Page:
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We visited the Alcantara Park in March, that is, what I call pre-Spring. The weather was perfect, a tiny bit chilly, yet so sunny as to make one want to strip and just fall into the cool welcoming arms of the Alcantara stream. Unfortunately, this is only available for swimming in summer, so it was not possible, yet we were also aware that there would be more people visiting it later on in the year, so we much preferred to bask in its glory before that.

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The park itself, apart from the natural wonder that is the Gorge, contains a number of themed and styled gardens, many orange trees, a number of meandering walks with beautiful views, as well as a good canteen and playground for children. You could definitely spend from half a day to a full-day relaxing here. Not to be missed!

By the way, all photos were taken by me, except for the first one which was taken by my one and only. :0)

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Mini-break in Sicily – Day 4 – Mount Etna!

My short mini-break ended with a bang – in more ways than one.

First of all, we had planned this day to be the climax of the trip. We had booked a Jeep ride up Mount Etna, and were very fortunate in that, even though generally such a tour caters for 6-8 people, since it was December there wasn’t a high demand at this time of year, and the private tour was just that – private, meaning that we were to be the only two people with the guide!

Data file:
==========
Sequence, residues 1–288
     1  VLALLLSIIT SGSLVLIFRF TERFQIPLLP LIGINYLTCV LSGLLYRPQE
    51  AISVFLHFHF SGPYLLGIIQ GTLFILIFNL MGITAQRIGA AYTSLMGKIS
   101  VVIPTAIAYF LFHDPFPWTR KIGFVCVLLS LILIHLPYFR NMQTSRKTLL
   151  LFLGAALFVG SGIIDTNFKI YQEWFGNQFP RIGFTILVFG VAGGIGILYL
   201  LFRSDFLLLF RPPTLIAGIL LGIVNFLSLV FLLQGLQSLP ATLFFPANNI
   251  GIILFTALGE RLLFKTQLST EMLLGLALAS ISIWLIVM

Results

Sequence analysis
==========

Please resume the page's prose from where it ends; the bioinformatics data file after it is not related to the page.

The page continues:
That was very fortunate considering the fact that in the middle of the night, I had woken up suffering from sciatica. My back was really killing me and I had seriously thought about not going up Mount Etna at all. My condition was so chronic that my whole left side, starting from my lower back down to my left leg, was totally frozen and very painful. I could hardly walk. Which is why being alone with the guide helped a lot, as he could keep a slower pace, while also helping my boyfriend aid me walk.

As you’ve probably realized, even though I was feeling awful, I still went up the mountain! I couldn’t miss such an opportunity which might never come again!